Two years ago, the world was thrown into turmoil as COVID-19 ripped its way across oceans and borders.
Two years ago was also when I decided to launch a new events business out of the emerging need to support under-utilised and financially struggling physical spaces across London. A global pandemic seemed to be the perfect setting for such a venture.
And so, Unlocked was born.
Starting a new business is challenging enough, pandemic or not. But, even though event professionals have had it rough these past couple of years, they have proven to be an incredibly resilient and versatile community, not willing to let a £70 billion industry disappear. In fact, according to a report by Allied Market Research, the global events sector is expected to reach $1,552.9 billion by 2028 – an economic force to be reckoned with.
Now we’ve made it through to the other side, I’ve had time to catch my breath and reflect on our journey so far. I’m keen to evaluate what lessons can be learned as a result of the pandemic, what areas we should be focusing on most heavily and what the future of events holds for a startup like us.
Sustainability in events is not a nice-to-have – it’s a necessity and has been for a while, even before the pandemic.
However, thanks to the downtime experienced over the last two years, planners, event spaces and suppliers have been given an opportunity to reassess their strategies and innovate their offerings so that they can better meet their customers’ demands for sustainable events. A 2022 forecast from Global Business Travel suggests that 83% of organizations address sustainability in their meetings and events planning and I’m confident this figure will continue to rise in coming years.
From reducing single-use plastics to minimising long-distance travel, we have more solutions and greater means to implement them than ever before. Yet, one of the most remarkable trends to come about as a result of COVID-19 restrictions is the rise of micro-events.
These events, though smaller in size and scale, are proving to be effective at reducing environmental impact. Instead of transporting thousands of people from various locations to one centralised venue, organisers can reduce travel by hosting these micro-events at multiple localised venues. This also serves corporate responsibility policies well, as organisers can source local products and suppliers and, as a result, can better support the local economy.
…Only we’re not talking about remote staff joining in-office meetings via Zoom or pub quizzes held over Microsoft Teams. No, we’re levelling up.
Take the IACC’s Americas Connect conference, for example. In 2021, they swapped their traditional format of one large, centralised conference with smaller, localized “pods”. Attendees were still present in person within these scaled-down settings, but every pod was connected virtually to recreate the large conference experience.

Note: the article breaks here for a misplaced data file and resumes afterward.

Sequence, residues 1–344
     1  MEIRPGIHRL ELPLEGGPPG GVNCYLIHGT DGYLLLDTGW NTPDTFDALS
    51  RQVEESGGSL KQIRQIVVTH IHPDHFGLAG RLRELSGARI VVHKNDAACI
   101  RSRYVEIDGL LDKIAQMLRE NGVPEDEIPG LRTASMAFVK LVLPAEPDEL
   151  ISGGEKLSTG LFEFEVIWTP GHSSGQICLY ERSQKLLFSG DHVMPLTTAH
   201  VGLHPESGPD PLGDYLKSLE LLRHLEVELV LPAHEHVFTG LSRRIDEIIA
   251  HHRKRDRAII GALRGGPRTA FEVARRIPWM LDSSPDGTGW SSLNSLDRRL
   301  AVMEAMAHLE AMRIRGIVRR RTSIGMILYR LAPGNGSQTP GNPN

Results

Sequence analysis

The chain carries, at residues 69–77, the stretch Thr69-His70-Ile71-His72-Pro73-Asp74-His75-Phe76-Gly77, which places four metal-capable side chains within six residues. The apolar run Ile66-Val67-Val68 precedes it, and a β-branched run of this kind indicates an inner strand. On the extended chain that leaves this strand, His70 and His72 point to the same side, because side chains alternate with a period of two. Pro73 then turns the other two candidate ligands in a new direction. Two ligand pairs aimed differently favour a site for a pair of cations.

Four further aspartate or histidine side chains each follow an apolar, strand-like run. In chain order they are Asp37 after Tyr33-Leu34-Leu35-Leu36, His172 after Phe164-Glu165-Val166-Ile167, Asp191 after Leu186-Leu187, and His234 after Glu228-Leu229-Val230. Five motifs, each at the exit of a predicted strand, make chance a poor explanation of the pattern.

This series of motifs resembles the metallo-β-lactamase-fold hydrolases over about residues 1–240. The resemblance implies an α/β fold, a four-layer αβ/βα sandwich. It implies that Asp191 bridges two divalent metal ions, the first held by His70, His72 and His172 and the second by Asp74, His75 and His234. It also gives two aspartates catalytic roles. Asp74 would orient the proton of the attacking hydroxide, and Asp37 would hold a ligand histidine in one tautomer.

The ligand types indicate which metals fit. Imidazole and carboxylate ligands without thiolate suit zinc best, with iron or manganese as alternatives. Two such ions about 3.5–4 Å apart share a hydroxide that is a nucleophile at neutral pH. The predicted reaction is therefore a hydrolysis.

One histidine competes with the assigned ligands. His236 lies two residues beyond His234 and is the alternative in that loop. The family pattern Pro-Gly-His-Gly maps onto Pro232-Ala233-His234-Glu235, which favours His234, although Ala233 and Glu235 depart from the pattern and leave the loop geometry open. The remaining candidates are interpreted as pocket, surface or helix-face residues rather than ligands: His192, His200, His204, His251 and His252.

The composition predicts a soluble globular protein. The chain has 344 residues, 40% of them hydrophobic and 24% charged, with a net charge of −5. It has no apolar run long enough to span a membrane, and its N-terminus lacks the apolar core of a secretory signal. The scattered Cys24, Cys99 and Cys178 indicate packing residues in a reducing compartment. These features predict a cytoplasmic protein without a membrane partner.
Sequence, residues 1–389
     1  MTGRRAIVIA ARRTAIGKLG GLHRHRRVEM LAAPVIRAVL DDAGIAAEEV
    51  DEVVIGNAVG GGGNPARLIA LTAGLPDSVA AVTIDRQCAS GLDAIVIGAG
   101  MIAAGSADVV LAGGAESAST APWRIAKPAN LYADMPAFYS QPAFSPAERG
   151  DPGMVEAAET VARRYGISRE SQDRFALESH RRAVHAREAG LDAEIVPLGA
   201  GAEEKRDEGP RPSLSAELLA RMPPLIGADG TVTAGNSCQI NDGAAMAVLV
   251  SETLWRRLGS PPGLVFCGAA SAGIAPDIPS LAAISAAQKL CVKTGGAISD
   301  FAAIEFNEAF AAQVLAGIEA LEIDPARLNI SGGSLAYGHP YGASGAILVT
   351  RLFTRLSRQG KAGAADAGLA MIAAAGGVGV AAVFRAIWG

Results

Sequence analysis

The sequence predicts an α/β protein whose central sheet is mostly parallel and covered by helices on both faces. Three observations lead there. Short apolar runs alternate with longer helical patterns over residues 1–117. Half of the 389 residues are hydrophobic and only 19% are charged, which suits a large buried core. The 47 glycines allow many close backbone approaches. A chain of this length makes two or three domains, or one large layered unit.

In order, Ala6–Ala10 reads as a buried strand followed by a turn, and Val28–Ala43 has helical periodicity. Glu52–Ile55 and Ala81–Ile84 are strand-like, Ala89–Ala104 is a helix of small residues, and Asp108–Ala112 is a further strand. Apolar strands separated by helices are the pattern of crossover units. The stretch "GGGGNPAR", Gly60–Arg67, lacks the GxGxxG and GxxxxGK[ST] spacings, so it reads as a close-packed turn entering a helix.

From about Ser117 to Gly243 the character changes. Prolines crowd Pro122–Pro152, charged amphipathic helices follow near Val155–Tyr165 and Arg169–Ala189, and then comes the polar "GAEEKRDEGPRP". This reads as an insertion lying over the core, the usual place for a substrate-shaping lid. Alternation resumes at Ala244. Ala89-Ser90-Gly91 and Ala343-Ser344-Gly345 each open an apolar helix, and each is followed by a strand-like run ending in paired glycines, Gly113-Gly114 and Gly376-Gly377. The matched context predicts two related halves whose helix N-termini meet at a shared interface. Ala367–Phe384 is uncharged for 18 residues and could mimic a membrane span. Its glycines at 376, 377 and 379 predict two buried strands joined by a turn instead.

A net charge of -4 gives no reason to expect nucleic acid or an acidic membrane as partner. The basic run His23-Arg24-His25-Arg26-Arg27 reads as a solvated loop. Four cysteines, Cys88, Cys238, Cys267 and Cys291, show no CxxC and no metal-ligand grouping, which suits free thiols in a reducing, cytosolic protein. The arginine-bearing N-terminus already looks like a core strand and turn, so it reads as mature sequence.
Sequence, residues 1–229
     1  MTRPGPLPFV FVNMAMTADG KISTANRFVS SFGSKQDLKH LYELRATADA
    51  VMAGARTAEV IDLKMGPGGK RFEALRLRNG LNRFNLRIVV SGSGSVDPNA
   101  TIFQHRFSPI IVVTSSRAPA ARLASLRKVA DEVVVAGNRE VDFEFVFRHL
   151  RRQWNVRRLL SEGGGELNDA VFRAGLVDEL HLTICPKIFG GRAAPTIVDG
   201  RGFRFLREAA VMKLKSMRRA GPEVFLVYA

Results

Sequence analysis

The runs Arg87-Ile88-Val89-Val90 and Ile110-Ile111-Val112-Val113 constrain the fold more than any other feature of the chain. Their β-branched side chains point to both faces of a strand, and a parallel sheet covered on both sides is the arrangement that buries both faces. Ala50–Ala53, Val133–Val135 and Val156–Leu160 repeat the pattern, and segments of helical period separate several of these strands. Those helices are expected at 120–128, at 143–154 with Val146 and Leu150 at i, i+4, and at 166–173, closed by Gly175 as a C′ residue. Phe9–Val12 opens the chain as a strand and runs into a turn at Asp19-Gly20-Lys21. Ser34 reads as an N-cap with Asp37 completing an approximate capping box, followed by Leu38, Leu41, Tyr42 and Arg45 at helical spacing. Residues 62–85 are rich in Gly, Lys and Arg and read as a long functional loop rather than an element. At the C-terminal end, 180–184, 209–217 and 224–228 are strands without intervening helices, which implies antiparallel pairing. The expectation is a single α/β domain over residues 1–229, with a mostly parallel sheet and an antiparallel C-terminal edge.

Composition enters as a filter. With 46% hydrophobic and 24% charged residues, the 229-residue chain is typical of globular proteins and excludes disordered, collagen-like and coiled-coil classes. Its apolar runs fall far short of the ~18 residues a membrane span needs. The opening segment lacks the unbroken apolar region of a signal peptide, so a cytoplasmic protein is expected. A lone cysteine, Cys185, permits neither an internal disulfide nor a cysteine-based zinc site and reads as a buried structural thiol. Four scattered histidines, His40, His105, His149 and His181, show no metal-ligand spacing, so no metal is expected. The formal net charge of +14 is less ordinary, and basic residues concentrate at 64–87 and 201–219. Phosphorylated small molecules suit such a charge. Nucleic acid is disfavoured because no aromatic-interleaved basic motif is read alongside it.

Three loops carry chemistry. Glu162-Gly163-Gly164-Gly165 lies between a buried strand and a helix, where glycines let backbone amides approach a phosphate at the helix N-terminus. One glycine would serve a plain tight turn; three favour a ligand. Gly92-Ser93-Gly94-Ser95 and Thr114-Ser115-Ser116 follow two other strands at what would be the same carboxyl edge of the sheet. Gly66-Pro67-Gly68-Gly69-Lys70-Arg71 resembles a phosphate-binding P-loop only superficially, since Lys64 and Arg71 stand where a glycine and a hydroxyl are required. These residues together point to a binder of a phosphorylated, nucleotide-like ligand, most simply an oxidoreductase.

With hybrid, the options are limitless. Organisers can build bespoke configurations to suit the specific requirements of each event, whether that’s hosting primarily in-person but, at the same time, delivering the content to remote attendees via digital platforms or running a virtual event with upgrade options for attendees to access in-person meetings.
When 97% of industry professionals expect to see more hybrid events in the future, this is a trend we can’t afford to ignore.
When the world was thrown into lockdown, organisations scrambled to get their digital infrastructure up to par with the overwhelming demands. With such rapid, disruptive change taking place in a matter of months, technology had to race to catch up.
For the events industry, it’s no different. Technology is what will enable us to deliver powerful events that meet sustainability criteria, engage effectively with our audiences (both remote and in-person) and produce ROI.
But there’s a problem; event tech is not yet where we need it to be. One survey showed that 40% of planners are unsatisfied with their available tech solutions.
The good news is that significant investment and development are happening as we speak. British start-up, Hopin, successfully raised $125 million in 2020 and launched their hybrid event product in the same year. London-based creators of the event networking app, Grip, raised $13 billion in February 2021.
As we push forward, we’ll see further innovations around AR and VR applications and the metaverse.
Perhaps the most notable shift we are now seeing is leveraging events as part of a marketing strategy, rather than as a revenue source. The industry experienced a steep decline in revenue made directly from ticket sales as a result of the pandemic, so an innovative approach is needed.
Back in 2020, a report by Bizzabo showed that, on average, 84% of event marketers believed in-person events would increasingly become important to their business’ success. This figure has likely not changed much in 2022, with the possible difference being a preference for hybrid over in-person events.
In order to make event marketing a success, the focus needs to shift away from the transactional element of ticket sales and onto the entire event cycle – from pre-registration to post-event. Running several micro-events throughout the year keeps audiences engaged, as does incentivising them with personalised experiences and content across multiple touchpoints. This is the way to build lasting, loyal participants that will go on to generate revenue in the long term.
There is no doubt that the events sector has undergone a radical transformation in two short years. Though it’s clear to see that, out of this disruption, the industry seems to have grown exponentially stronger and more adaptable. At Unlocked, our whole mission is based on innovation, fresh thinking and fluidity, so it’s exciting to be a part of a community that shares these same values.
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